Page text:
A few years ago, news programs and headlines were covered with information about a pink slime that was being put into processed foods. While there were dozens of stories sparking outrage for weeks, the coverage eventually died down. What many don’t realize, however, is that this slime, or “Meat Glue,” as it’s more commonly known, is still prevalent and being incorporated into everyday meal items.

So what exactly is this pink slime and why is it called meat glue? Meat glue, or microbial transglutaminase, is an industrial enzyme produced by the bacteria streptoverticillium. This by-product of bacteria processing turns into a pink slime and is added to food for its ability to act as a binding substance.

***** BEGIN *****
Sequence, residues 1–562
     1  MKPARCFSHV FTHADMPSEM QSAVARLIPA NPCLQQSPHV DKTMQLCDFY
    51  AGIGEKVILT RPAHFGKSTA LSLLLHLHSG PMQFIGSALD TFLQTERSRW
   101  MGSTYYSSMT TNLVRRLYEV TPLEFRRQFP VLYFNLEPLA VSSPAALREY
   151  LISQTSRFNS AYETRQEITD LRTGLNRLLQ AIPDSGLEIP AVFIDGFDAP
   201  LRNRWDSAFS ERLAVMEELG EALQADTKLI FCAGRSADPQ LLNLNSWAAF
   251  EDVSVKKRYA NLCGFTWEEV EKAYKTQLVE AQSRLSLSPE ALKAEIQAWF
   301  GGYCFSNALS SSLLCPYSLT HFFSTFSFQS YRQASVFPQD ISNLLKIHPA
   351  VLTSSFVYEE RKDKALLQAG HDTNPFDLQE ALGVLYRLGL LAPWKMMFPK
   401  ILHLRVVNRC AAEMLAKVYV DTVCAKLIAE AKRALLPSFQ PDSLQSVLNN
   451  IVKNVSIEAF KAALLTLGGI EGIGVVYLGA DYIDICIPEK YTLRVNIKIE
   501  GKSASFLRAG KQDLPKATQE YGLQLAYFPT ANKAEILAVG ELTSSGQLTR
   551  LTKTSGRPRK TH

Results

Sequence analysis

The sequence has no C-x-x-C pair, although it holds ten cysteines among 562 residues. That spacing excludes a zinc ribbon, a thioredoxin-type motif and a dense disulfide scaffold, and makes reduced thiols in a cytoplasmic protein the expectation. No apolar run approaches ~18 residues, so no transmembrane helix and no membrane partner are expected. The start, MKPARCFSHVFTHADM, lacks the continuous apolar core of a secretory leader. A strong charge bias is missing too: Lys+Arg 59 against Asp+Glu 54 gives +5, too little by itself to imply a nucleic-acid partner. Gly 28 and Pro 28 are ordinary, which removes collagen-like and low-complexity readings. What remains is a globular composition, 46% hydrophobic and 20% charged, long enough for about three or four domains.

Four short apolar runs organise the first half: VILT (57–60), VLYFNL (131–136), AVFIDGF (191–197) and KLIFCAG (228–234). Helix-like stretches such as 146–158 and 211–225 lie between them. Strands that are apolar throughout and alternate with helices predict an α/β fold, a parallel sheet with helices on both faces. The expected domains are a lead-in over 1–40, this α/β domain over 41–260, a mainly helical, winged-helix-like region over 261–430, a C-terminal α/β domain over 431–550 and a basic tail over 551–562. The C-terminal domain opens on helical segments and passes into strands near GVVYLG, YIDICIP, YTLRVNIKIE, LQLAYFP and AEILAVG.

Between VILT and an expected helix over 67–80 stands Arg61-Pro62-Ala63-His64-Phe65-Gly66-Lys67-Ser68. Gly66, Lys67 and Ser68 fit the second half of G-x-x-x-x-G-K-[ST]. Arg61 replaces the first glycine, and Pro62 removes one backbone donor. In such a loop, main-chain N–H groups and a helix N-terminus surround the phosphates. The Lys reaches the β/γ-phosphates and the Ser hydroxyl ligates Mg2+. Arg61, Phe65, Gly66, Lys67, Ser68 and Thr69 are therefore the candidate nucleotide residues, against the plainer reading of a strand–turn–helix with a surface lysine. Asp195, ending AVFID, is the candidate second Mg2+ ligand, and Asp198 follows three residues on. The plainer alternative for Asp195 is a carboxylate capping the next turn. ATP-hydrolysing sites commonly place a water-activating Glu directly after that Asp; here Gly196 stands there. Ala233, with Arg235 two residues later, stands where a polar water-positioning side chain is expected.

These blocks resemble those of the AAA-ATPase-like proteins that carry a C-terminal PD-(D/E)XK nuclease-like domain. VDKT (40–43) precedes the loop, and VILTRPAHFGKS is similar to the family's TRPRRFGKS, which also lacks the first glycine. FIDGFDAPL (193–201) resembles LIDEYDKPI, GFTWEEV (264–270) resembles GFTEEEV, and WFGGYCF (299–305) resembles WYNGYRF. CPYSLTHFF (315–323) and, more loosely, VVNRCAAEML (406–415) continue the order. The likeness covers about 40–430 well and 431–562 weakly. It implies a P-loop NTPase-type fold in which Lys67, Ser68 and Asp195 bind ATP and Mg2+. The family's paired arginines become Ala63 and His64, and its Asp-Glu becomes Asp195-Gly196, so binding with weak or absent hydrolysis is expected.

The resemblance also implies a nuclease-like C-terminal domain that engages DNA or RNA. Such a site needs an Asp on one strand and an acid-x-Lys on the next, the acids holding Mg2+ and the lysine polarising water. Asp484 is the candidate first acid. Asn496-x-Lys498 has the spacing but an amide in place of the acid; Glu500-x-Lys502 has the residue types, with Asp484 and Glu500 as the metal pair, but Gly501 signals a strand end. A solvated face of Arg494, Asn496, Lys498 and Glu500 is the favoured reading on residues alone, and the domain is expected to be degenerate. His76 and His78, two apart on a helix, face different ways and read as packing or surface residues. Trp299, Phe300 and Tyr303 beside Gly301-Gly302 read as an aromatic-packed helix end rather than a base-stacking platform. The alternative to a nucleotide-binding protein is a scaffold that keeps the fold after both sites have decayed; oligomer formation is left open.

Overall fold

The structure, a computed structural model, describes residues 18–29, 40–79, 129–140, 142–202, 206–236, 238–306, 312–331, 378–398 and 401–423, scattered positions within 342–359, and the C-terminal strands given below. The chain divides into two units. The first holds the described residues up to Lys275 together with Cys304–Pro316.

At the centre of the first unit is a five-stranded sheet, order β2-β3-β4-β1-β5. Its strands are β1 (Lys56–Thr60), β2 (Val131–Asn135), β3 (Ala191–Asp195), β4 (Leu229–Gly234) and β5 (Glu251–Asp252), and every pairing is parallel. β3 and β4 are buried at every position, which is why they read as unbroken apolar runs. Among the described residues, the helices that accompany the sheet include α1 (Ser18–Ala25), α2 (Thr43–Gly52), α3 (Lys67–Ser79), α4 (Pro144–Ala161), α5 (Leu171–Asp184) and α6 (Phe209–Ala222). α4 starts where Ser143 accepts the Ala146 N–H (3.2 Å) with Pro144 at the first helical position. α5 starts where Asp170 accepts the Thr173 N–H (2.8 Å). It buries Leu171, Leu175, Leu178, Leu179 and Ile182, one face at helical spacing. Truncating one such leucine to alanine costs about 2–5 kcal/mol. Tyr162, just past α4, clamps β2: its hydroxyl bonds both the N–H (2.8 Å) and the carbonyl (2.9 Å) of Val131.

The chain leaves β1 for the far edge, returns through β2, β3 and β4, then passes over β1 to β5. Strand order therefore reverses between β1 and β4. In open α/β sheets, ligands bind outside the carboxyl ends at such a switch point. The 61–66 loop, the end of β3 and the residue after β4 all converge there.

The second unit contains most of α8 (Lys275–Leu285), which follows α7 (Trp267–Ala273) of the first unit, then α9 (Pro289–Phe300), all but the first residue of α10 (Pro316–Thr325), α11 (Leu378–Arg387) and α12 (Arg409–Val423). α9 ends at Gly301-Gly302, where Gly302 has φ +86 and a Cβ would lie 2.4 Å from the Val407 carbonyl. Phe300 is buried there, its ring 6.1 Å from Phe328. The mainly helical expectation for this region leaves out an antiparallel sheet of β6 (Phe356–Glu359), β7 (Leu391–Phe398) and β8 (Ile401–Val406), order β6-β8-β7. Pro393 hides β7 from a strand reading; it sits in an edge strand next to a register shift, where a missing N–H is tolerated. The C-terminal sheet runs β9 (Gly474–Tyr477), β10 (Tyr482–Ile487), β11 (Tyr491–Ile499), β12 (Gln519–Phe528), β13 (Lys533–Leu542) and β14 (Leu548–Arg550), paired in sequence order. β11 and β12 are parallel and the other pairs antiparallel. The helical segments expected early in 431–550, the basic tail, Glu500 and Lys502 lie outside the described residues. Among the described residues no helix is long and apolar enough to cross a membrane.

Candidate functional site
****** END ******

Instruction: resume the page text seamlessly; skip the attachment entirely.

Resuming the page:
Not only does meat glue hold items together, but it also adds palatability and increases texture. This is especially common in products where gluten is omitted. Gluten too acts as a binding agent, so when it is removed, in gluten-free products, for example, meat glue is added for a similar effect.

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*These statements have not been evaluated by the Food and Drug Administration. This video is not intended to diagnose, treat, cure or prevent any disease. It is strictly intended for educational purposes only. Additionally, this information is not intended to replace the advice of your physician. Dr. Osborne is not a medical doctor. He does not treat or diagnose disease. He offers nutritional support to people seeking an alternative from traditional medicine. Dr. Osborne is licensed with the Pastoral Medical Association.

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